All four of those players mentioned, incidentally, were named as Heisman Trophy finalists earlier this week.
After a season away, Lavonte Valentine is back at the FBS level.
By way of his personal Twitter account Wednesday, Valentine announced that he has decided to transfer to South Florida and continue his collegiate playing career with the Bulls. As Valentine, whose transfer from South Carolina was confirmed in August of this year, comes to USF from the NAIA level, he will be eligible to play immediately in 2020.
The move comes a couple of days after Clemson offensive coordinator Jeff Scott was named as the football program’s next head coach.
Coming out of high school in Melbourne, Fla., Valentine was a three-star member of South Carolina’s 2018 recruiting class, rated as the No. 18 all-purpose running back in the country. In part because of a torn ACL suffered his senior season of high school that caused him to miss spring practice and fall behind on the depth chart, Valentine took a redshirt for his true freshman season.
Valentine did, though, run track for USC this past spring, and he told The State that he will run track and play football at USF.
Not surprisingly, Eli Drinkwitz‘s first coaching staff in Columbia is taking on a bit of a Boone feel to it.
Although it has yet to be confirmed, Drinkwitz is expected to add Appalachian State special teams coordinator Erik Link in the same capacity at Missouri. What has been confirmed, though, is that Drinkwitz has brought Charlie Harbison along with him to the Tigers, a release from the football program announced.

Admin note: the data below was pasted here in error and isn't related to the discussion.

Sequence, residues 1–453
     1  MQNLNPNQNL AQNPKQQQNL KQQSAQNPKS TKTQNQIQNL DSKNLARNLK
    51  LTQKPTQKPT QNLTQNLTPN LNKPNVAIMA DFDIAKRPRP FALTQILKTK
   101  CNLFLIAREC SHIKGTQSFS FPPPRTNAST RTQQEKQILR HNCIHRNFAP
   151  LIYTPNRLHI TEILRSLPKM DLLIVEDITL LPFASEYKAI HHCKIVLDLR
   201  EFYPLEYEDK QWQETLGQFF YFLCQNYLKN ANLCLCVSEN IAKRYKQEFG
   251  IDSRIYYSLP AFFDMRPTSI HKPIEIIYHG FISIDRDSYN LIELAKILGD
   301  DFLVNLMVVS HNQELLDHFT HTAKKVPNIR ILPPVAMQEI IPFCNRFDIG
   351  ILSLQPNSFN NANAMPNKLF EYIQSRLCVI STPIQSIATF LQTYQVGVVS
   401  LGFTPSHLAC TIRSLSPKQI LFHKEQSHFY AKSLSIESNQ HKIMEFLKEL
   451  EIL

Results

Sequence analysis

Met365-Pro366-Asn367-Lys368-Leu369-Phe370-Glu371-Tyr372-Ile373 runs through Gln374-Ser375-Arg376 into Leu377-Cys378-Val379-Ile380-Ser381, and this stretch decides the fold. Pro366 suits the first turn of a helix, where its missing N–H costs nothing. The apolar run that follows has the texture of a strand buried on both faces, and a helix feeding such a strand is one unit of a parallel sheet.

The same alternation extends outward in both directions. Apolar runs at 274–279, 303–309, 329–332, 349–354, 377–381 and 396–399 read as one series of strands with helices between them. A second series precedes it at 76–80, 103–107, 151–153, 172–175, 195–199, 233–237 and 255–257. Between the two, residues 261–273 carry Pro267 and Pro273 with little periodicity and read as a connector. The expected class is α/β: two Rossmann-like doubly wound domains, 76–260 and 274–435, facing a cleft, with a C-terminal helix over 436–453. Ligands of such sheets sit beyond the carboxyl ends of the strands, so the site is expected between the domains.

Right now, Harbison will carry the official title of Associate Head Coach/Defense; his specific duties will be spelled out later.
“Charlie brings a wealth of experience with him to the defensive side of the football, having coached at the highest levels including the SEC and the NFL,” said Drinkwitz in a statement. “He’s an outstanding man of character who knows what it means to mentor players both in football and in life.”
Harbison spent one season with Drinkwitz at App State, where he served as the Mountaineers’ cornerbacks coach. He was also the Sun Belt school’s associated head coach.
Previously, Harbison has spent time as the defensive coordinator or co-defensive coordinator at three Power Five programs — Auburn (2013-14), Clemson (2009-12) and Mississippi State (2008). He’s also was the cornerbacks coach at Alabama from 1998-2000.
In addition to bringing in coaches that worked on his staff at App State, he’s expected to retain at least three of Barry Odom‘s former assistants, including defensive coordinator/safeties coach Ryan Walters, defensive line coach Brick Haley, and defensive backs coach David Gibbs. Those retentions have yet to be officially announced.
Every little bit helps, right?
Florida State’s decision to fire Willie Taggart less than two years into his contract came with a steep financial cost, with the deposed head coach being owed in the very ritzy neighborhood of $18 million. That buyout, though, would be offset by any money Taggart would make in his next job(s).
Wednesday evening, Florida Atlantic announced that Taggart had been hired as its next head football coach. As of this posting, FAU has yet to release the financial particulars of Taggart’s deal with the university.
At least a portion of that info, though, has now been made public.
For perspective, the man Taggart is replacing, new Ole Miss head coach Lane Kiffin, was paid $1.432 million in guaranteed compensation for 2019.
So, if Berkowitz’s numbers are accurate — and they normally very much are — FSU’s future obligation to Taggart would drop to just under $14 million. So they have that going for them. Which is nice.